Security Archives

November 17, 2006

November 17, 2006 - Perl's taint checking to the rescue

I read today in the November 15th issue of Software Development Times (an actual paper publication!) that buffer overflows are no longer the most common update security problem reported by CVE (

The three most common types of security vulnerabilities in 2005 were cross-site scripting (16.0%), SQL injection (12.9%) and buffer overflows (9.8%). So far in 2005, buffer overflows has lost the #3 place to PHP remote includes.

The good news is that Perl has long had capabilities in the language and its most common libraries that effectively shut down many of these attacks.

It's not surprising that buffer overflows are on the way out. Perl programmers have long been able to not worry about buffer overflows. Dynamic strings mean no buffer overruns. Fortunately, all the new dynamic languages like Ruby, Python and PHP have dynamic strings as well, leaving only C and C++ programmers having to worry about the size of their malloc buffers.

Where Perl shines in web security is with its built-in "taint mode". When taint mode is enabled, all data from an external source, such as from a web input form, is assumed to be untrusted and tainted. If a user types in her name, the resulting string is marked internally as tainted. Most of the time, this effect is invisible.

print "Hello, $name, glad to see you.\n";

Perl will print out the the user's name, because no matter what $name is, it doesn't present a security risk. However, consider this common rookie programmer mistake.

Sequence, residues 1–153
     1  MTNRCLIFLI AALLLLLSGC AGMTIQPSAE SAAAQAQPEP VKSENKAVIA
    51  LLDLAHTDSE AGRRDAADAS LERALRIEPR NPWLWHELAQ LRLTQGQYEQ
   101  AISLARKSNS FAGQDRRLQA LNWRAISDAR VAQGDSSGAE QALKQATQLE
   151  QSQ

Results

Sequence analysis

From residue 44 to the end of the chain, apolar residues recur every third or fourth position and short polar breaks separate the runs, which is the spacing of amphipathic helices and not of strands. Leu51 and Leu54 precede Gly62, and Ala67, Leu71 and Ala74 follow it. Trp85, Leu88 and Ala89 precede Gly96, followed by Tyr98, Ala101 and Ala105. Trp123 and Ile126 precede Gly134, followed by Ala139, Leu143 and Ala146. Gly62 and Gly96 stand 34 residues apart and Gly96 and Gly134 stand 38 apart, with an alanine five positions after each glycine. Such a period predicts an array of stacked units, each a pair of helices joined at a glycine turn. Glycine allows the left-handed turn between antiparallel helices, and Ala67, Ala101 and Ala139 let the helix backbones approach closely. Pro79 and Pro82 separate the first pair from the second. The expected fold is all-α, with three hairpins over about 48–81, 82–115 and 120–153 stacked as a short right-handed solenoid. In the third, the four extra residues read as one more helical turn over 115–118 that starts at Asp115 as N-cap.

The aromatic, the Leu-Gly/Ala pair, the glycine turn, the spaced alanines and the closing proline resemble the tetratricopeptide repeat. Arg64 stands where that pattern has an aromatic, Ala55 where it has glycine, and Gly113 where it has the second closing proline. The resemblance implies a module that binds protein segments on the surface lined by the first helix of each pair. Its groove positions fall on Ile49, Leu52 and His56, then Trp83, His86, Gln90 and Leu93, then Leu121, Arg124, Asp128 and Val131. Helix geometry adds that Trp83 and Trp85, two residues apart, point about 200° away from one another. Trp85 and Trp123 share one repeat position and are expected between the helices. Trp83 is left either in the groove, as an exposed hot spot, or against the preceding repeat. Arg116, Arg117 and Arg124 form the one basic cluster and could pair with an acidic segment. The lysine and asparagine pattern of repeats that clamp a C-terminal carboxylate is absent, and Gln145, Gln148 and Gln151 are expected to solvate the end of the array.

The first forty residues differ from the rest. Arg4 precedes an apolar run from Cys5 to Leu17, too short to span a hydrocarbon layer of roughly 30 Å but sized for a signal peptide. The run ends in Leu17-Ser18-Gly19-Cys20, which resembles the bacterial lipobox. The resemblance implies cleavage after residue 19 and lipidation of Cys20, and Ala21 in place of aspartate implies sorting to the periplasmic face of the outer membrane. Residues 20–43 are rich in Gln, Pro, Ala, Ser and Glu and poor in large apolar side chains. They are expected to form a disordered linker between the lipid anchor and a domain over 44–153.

$dbh = ... code to make a database connection ...;
$dbh->do( "insert into visitors (name) values ('$name')" );

That works fine for values of $name like "Bob Smith", but consider a string like:

'); drop table visitors;

Your SQL expands out into

insert into visitors (name) values (''); drop table visitors;')

That results in three statements, separated by semicolons: One inserts an empty value in the "visitors" table, the second deletes the "visitors" table, and the third a syntax error. The effect is that one well-crafted string from a miscreant means you've lost your data table. The possibilities are endless.

Taint mode to the rescue!

With Perl's taint mode, and DBI's TaintIn attribute enabled, SQL injection attacks can't happen. Perl's DBI module sees the tainted data, since any data created from tainted data is also tainted, and refuses to execute the command. In effect, DBI says "You don't know that the SQL command you're passing me is trustworthy, so I won't run it."

Of course, DBI handles the safe way of doing SQL calls, using placeholders:

$sth = $dbh->prepare( "insert into visitors (name) values (?)" );
$sth->execute( $name );

The data is passed to DBI, but entirely separately from the command. The command is not created using tainted data, so is safe for DBI to execute.

SQL injection prevention is just the beginning of the value of taint mode to Perl programmers. Tainted data also can't be used for executing system commands or reading source code, as in the PHP remote include exploits. For a more thorough discussion of how taint mode works, and why you want it on in every web program you write, see the perlsec documentation for Perl with perldoc perlsec, or online at

I hope that other dynamic languages continue to borrow Perl's features and add explicit taint-mode checking to their bags of tricks. Modern web development demands it.

"With Perl's taint mode, and DBI's TaintIn attribute enabled, SQL injection attacks can't happen."

This isn't true. Taint checking does not prevent this. It simply doesn't allow it with tainted data. The user can still untaint data incorrectly, and SQL injection attacks can still happen.

contributed by Anonymous on February 18, 2007 6:54 PM

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